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Name or Nature
Name or Nature
(story for boys & girls, by Harry Foster)
JACK*, Jill* and the twins* came in just as their mother was filling some bowls with hyacinth bulbs. Jack, as usual, was full of questions as to how things were done and why. Jill, being the oldest, had seen bulbs planted before and thought that she knew all about it. The twins were still quite small and didn't say much, but they were glad to know that the flowers would be blue, and would have a nice scent—that is, if the bulbs came up.
When the children were alone Jill had a bright idea. Let them all plant hyacinths too, and give mother a surprise. They all agreed and went off to the potting shed to see what they could find, and sure enough, there on the bench were two lovely shiny bulbs, just waiting to be put in. Jill took up one of them, and Jack took the other; then they began to look around to see where the bulbs could be planted. Up in her room Jill had a pretty little bowl which had held bulbs the year before; she ran up to fetch it, and began to fill it with the rest of the bulb fibre which her mother had not used. By this time Jack had thought of another question. "Are you sure that these are real hyacinths?" he asked. "Suppose they are something else?" Jill said that she was quite sure—they must be. As she buried her bulb in the fibre and looked again at the pretty pot, she could not bear to think that the flower would not be as fine as last year's. Looking around again, she saw on the ground one of those labels with a bright picture of the flower and the words "Blue Hyacinth". She picked up the label and fixed it on the bowl. Fancy Jack asking such a silly question! It must be all right in such a pot and with the right label on.
Yet Jack still did not feel quite sure. He so wanted to get a good flower—a better one than Jill's if he could. He had no bowl in his room, and in any case Jill had used up all the rest of the fibre. He thought and thought, and then at last he had an idea—a really good one. He pulled out one of his mother's bowls which she had left in a dark corner, a big bowl which had several bulbs planted in a circle, and then he buried his bulb right in the centre, in between the others. Now he felt happy. Planted in among the other bulbs and growing up with them, his would surely have a fine flower. And as he pushed the bowl back into its corner, he gave a chuckle, for he had gone one better than Jill. She would have to keep watering hers, but he needn't bother, for mother would water his without knowing that it was there. What a surprise when she saw the hyacinth growing in among hers!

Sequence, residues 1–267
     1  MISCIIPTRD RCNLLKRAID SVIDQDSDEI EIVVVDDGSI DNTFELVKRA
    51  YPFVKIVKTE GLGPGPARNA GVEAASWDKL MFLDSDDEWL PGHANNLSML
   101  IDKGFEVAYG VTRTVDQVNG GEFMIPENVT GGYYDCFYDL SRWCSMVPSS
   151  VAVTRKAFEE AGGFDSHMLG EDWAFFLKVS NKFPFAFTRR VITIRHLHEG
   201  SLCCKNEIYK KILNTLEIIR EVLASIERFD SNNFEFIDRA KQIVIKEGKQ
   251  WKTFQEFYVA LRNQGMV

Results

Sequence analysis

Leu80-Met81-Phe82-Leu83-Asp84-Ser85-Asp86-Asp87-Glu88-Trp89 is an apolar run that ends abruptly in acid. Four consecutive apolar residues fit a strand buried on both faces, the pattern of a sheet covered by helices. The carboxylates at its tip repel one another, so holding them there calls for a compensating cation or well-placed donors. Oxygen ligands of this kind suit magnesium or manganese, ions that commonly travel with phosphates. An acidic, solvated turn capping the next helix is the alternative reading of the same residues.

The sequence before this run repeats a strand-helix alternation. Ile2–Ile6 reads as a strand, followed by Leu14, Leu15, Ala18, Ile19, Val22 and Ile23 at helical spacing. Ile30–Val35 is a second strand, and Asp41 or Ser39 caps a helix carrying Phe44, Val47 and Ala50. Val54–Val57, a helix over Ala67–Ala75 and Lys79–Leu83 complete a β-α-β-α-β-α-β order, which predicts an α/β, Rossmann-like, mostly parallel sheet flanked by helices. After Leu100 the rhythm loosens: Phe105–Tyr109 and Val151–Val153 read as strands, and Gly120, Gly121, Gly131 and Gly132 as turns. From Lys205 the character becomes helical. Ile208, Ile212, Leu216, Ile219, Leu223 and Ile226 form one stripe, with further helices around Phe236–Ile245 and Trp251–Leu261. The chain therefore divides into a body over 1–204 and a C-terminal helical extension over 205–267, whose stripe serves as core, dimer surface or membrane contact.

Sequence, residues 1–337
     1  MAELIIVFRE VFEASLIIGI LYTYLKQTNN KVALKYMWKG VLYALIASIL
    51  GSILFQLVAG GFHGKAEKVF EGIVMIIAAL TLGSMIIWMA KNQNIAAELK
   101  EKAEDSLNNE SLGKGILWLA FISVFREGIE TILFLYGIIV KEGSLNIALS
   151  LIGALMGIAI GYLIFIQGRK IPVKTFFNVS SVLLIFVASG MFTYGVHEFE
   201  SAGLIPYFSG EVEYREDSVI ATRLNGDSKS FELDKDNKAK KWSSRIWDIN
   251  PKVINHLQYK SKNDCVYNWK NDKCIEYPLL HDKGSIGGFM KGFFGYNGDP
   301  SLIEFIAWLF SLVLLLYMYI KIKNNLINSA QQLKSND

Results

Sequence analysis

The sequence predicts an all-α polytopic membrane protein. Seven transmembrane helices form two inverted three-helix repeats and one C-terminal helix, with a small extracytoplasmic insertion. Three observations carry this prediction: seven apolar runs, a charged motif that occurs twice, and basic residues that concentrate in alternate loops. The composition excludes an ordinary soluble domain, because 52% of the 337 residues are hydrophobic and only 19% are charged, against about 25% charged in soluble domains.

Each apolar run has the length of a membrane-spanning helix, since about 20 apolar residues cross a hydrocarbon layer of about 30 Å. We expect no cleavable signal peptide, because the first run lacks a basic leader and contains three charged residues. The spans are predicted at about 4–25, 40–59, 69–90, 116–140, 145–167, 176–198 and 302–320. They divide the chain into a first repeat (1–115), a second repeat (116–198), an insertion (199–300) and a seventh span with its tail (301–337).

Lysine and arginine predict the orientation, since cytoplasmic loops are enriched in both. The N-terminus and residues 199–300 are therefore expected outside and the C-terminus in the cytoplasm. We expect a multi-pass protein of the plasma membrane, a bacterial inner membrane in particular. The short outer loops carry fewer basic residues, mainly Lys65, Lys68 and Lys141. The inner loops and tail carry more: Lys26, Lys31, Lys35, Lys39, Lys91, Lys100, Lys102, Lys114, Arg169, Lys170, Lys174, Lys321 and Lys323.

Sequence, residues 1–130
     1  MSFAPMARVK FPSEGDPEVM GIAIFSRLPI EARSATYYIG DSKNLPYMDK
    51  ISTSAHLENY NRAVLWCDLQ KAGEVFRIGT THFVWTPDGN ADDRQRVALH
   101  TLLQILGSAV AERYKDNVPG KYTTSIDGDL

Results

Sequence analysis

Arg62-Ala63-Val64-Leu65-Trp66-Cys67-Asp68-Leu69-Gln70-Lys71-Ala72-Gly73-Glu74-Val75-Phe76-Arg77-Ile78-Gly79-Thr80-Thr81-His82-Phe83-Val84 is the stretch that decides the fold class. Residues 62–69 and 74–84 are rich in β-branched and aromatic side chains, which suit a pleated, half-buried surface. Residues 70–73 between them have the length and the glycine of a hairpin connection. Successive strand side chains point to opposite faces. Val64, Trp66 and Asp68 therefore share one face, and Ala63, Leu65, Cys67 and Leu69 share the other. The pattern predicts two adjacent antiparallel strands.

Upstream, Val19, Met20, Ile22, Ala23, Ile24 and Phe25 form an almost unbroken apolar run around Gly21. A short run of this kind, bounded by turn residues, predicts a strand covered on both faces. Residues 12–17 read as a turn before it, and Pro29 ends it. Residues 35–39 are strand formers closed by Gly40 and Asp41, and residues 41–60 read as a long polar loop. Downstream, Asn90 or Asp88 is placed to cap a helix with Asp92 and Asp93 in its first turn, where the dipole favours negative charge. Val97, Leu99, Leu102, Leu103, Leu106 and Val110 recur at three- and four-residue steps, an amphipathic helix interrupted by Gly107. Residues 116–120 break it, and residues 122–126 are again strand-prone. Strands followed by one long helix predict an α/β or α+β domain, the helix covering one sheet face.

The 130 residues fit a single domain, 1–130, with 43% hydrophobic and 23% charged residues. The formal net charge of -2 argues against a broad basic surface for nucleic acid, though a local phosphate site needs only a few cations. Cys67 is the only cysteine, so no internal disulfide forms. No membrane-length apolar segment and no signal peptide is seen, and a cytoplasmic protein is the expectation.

What had the twins been doing all this time? Well, they always tried to imitate Jill and Jack, so they had wanted to plant a bulb also. Just to keep them quiet Jack gave them an old dried-up looking thing which was lying on a shelf. Neither he nor Jill wanted it; in fact it was so dry and knobbly that not for a moment did he think that it would ever grow. He gave them an old broken flower pot as well, and then left them to get on as best they could. By the time that Jack and Jill had finished, the twins had put some earth in the cracked flower pot and were trying to get their ugly old bulb down into the earth. Jill gave them a hand in pushing it well down, and showed them how to water it. She was glad to keep them happy, but felt sure that they would never have a flower. She and Jack would, of course, for their bulbs were smooth and fresh looking.